- College awareness and preparation
- Homework assistance centers
- Mentoring and service-learning projects
- Activities linked to law enforcement
- Supervised field trips, recreation and enrichment programs and events
Grant Program and Awards
Cohorts VII-X: Iowa has changed the grant cycle to a period of three (3) years for all new awards, starting in 2012. An additional 2 years of funding at 75% is available after a comprehensive site visit by the Iowa Department of Education.
Cohorts I-VI: Entities eligible to receive Iowa’s grant funds for a period of five (5) years has been expanded to include local educational agencies (LEAs), cities, counties, community-based organizations (CBOs), faith-based organizations (FBOs), non-profit organizations (NPOs), or a consortium of two or more such agencies, organizations or entities. Applicants are required to plan their programs through a collaborative process that includes parents, youth, and representatives of participating schools or local educational agencies, governmental agencies (e.g., cities, counties, parks and recreation departments), community organizations, and the private sector.
Grant Award - Cohort XVII 2022-2027
Grant Award - Cohort XVI 2021-2026
Grant Award - Cohort XV 2020-2025
Grant Award - Cohort XIV 2019-2023
Grant Award - Cohort XIII 2018-2022
Grant Award - Cohort XII 2017-2019
Grant Awards - Cohort XI 2016-2019
Grant Awards - Cohort X 2015-2018
Grant Awards - Cohort IX 2014-2017
Grant Awards - Cohort VIII 2013-2016
Grant Awards - Cohort VII 2012-2015
Grant Awards - Cohort VI 2010-2015
Grant Awards - Cohort V 2009-2014
Grant Awards - Cohort IV 2008-2013
Grant Awards - Cohort III 2007-2012
Every year, 21st CCLC grantees are required to submit basic information about the characteristics associated with their programs and the outcomes they were able to achieve as a result of providing services to the students and adult family members attending their programs. This data includes activities, attendance, partners/subcontractors, staffing, and regular attendees’ math and reading proficiency levels. This data is collected by the Iowa Department of Education, submitted to a federal data collection system and publicly posted on the program website.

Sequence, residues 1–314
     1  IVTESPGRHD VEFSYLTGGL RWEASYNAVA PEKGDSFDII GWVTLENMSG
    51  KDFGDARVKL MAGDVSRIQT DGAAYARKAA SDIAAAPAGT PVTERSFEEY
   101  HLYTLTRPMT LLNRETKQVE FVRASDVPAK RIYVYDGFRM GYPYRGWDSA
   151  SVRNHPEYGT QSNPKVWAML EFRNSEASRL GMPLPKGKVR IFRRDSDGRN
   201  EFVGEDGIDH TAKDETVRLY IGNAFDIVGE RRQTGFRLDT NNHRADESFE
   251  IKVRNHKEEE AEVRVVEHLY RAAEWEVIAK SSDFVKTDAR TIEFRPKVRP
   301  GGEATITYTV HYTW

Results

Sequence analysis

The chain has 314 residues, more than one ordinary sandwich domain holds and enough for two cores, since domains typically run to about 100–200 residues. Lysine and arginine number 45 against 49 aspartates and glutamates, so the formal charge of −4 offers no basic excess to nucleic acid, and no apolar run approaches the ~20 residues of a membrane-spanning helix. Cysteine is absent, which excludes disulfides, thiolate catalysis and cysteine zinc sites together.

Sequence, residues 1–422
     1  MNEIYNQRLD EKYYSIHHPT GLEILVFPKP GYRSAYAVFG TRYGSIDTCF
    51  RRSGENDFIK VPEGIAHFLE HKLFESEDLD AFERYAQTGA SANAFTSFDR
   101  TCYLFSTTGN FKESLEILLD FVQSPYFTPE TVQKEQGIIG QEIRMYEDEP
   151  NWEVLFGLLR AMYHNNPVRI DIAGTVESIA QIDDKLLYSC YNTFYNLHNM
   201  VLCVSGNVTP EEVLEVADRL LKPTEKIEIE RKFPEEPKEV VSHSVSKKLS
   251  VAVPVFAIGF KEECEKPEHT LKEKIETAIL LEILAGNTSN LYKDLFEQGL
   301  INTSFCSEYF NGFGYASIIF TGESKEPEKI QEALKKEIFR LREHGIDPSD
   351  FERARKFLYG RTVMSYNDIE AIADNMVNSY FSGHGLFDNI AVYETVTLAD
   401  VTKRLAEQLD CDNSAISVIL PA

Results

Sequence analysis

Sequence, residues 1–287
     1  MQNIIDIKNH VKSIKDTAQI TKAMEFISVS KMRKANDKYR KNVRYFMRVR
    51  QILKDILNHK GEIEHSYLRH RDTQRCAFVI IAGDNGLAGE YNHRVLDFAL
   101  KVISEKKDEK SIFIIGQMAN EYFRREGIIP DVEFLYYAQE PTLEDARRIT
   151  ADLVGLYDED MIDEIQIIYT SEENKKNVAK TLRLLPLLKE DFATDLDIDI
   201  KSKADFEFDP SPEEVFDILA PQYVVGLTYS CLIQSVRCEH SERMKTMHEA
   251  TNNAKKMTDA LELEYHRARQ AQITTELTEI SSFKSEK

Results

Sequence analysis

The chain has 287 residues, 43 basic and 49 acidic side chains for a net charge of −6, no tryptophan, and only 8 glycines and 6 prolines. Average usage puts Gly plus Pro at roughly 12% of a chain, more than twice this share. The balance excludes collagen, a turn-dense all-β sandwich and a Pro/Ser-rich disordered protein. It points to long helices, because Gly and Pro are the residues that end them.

Iowa Afterschool Report 2012 - Evaluation data from grantees, site visits, surveys, and PPICS.
Iowa Afterschool Report 2013 - Evaluation data from grantees, site visits, surveys, and PPICS.
Iowa Afterschool Report 2014 - Evaluation data from grantees, site visits, surveys, and PPICS.
Iowa Afterschool Report 2015 - Evaluation data from grantees, site visits, and the federal APR data system
Iowa Afterschool Report 2016 - Evaluation data from grantees, site visits, and the federal APR data system
Iowa Afterschool Report 2017 - Evaluation data from grantees, site visits, and the federal APR data system
Iowa Afterschool Report 2018 - Evaluation data from grantees, site visits, and the federal APR data system
Iowa Afterschool Report 2019 - Evaluation data from grantees, site visits, and the federal APR data system
Iowa Afterschool Report 2020 - Evaluation data from grantees, site visits, and the federal APR data system
Iowa Afterschool Report 2021 - Evaluation data from grantees, site visits, and the federal APR data system
SEDL National Center for Quality Afterschool
American Institutes for Research - Building Quality in Afterschool
US Dept. of Education - 21st Century Community Learning Centers
Charles Stewart Mott Foundation - Advancing Afterschool